–      500mg CBG + 500mg CBD

Extract Labs is a Colorado-based CBD brand that offers different CBG products. At their shop, you can find full-spectrum CBG oil with a 1:1 ratio of 500mg CBG with 500mg CBD, broad-spectrum CBG oil, and CBG isolate powder.

If you are looking for a more potent CBG oil you can try the broad-spectrum CBG oil tinctures that contain 1000mg CBD and 1000mg CBG. Extract Labs use the CO2 extraction method to obtain the extracts from organic hemp grown in the Colorado fields. Each product by Extract Labs is tested by a third-party lab and contains no pesticides, herbicides, solvents, or chemical fertilizers.

Benefits of Using CBG Oil

CBG oil is widely used for the purpose of getting comfort, a sense of calmness, and stress relief. Essentially, users have reported great benefits from using CBG oil for sleep or treating insomnia, to stay focused, and to relieve inflammation.

According to Try the CBD, there is even some anecdotal evidence showing that CBG oil may be useful in treating various diseases and conditions. While these medical studies have been conducted mainly on animals, and are very limited, this may encourage more researchers to study the potential of CBG oil.

For instance, a 2014 study shows that CBG oil helped with slowing the growth of colon cancer cells in mice. Another indicates that it stimulates the appetite of rats and it even reduced inflammation associated with colitis.

It seems that CBG has also great effects on the brain cells and can protect them from the effects of aging. A study conducted in Spain in 2015 showed that CBG was extremely active as a neuroprotectant as it helped in the treatment of Huntington’s Disease in mice, a neurodegenerative disorder that is common for humans as well.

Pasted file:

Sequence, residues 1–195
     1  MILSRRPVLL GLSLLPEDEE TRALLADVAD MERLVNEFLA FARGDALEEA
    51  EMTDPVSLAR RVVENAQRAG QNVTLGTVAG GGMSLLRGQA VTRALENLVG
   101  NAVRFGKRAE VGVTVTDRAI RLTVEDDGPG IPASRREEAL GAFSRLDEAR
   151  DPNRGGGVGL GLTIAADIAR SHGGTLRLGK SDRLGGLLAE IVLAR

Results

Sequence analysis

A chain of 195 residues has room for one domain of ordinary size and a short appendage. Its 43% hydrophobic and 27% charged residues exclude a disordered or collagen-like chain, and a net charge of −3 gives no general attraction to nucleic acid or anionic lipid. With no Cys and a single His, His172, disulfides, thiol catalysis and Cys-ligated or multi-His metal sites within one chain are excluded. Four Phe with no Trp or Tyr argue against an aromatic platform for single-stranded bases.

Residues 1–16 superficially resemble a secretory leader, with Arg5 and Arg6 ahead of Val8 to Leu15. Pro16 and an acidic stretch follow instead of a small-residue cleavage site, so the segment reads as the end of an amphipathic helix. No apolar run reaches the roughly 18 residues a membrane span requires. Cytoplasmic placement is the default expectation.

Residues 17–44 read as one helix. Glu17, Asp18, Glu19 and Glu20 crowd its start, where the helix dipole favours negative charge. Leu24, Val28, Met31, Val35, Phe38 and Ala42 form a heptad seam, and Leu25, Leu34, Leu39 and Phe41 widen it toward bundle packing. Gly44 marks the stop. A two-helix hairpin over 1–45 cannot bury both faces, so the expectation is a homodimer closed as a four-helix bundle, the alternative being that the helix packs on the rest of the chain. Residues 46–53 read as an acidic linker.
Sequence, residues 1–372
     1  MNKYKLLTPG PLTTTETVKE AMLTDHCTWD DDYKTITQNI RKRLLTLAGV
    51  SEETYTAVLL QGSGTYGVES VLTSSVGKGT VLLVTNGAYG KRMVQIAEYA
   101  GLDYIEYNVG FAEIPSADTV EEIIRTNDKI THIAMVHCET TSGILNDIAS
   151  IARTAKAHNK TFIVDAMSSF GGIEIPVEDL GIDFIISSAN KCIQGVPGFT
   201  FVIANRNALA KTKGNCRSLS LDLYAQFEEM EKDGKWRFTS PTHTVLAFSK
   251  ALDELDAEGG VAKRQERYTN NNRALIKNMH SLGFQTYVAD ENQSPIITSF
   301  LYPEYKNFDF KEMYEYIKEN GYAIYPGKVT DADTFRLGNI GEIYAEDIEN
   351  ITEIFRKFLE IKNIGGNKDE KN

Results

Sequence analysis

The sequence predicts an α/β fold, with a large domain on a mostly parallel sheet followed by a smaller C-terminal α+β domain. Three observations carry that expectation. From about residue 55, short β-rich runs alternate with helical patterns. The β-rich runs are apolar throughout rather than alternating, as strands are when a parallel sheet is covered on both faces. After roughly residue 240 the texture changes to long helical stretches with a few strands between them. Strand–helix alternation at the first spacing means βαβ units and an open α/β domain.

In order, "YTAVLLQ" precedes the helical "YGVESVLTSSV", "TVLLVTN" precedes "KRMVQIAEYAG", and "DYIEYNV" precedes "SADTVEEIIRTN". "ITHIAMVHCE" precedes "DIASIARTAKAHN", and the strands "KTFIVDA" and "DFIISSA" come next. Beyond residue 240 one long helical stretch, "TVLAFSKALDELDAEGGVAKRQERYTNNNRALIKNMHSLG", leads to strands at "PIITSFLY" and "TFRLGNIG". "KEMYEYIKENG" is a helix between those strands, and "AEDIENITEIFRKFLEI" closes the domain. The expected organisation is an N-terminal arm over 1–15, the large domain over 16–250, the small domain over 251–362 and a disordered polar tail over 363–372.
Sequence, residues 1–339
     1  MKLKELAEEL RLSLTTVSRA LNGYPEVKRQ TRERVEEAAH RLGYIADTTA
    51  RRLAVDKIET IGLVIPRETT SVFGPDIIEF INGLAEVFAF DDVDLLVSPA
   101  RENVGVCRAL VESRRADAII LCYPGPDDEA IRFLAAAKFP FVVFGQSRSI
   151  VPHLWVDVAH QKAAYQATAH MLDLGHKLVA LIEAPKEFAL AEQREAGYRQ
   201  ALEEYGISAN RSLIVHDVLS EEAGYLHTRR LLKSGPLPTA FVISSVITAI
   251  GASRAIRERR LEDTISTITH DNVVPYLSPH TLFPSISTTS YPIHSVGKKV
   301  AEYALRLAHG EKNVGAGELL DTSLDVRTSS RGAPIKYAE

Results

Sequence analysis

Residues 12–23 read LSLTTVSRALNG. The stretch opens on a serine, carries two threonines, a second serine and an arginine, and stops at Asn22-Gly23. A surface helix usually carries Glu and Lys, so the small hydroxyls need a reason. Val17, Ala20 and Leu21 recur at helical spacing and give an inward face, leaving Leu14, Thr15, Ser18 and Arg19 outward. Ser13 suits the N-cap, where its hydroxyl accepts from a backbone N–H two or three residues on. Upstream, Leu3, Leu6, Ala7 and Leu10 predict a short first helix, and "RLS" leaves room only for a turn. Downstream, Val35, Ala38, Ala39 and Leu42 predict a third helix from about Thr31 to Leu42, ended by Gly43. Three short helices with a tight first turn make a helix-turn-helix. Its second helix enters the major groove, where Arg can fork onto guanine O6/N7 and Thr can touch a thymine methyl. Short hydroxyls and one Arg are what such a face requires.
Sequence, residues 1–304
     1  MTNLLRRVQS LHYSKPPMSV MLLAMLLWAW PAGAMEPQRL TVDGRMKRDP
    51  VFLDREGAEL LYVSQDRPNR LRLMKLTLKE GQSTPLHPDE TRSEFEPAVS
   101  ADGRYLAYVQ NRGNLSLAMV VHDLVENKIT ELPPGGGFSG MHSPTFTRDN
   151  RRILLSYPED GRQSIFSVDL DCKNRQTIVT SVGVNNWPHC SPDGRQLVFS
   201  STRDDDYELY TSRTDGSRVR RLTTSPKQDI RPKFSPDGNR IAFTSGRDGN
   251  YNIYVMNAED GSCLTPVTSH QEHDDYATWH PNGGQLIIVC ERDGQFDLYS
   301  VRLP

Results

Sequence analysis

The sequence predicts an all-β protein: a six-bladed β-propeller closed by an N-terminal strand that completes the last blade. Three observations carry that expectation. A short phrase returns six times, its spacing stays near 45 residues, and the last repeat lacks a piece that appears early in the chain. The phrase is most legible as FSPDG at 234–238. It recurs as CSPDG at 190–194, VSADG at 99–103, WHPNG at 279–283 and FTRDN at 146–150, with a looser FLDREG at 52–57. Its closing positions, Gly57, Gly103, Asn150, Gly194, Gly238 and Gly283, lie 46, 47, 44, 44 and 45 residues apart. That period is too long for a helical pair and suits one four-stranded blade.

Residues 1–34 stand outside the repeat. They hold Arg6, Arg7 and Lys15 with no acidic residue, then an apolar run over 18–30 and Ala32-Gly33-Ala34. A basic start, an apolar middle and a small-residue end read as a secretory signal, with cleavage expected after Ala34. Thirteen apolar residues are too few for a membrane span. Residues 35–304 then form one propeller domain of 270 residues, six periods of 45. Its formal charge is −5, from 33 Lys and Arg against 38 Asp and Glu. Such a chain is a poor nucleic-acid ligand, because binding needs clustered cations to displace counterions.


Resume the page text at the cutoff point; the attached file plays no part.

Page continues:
Based on all these studies and the positive experiences of CBG oil users it is clear that there is great potential in this product. Hopefully, there will be more medical studies about it in the future to verify the effects of CBG oil.

Potential Side Effects of CBG Oil

As a potential CBG oil user, you must be concerned about any possible side effects that may appear by using this product. To better understand any effects from CBG oil of course more studies are required. Anyway, according to the feedback from many users, CBG oil acts similarly to CBD oil, which means that you could expect the same possible side effects. If you have experience with other CBD products you probably know what to expect.

The most common side effects which are usually very mild are nausea or drowsiness, which may appear if you take a higher dose of CBG oil. It is recommended that you lower your dosage if you feel these or any similar effects. On top of that, when you take any prescription medication you should always consult with your doctor before taking CBG oil. It may happen that you don’t feel the effects of your medication, or of the CBG oil, and these two may interact and cause some side effects.

How to Use CBG Oil – Best Practice

To fully experience the benefits of CBG oil it is best to try one of the products that contain a higher level of CBG. Undoubtedly, you would get some effects of CBG when consuming full-spectrum or broad-spectrum CBD oil, however, its amount is too low to get the wanted effects. Thus choosing a CBG oil from one of the above-mentioned brands would be the right choice for you.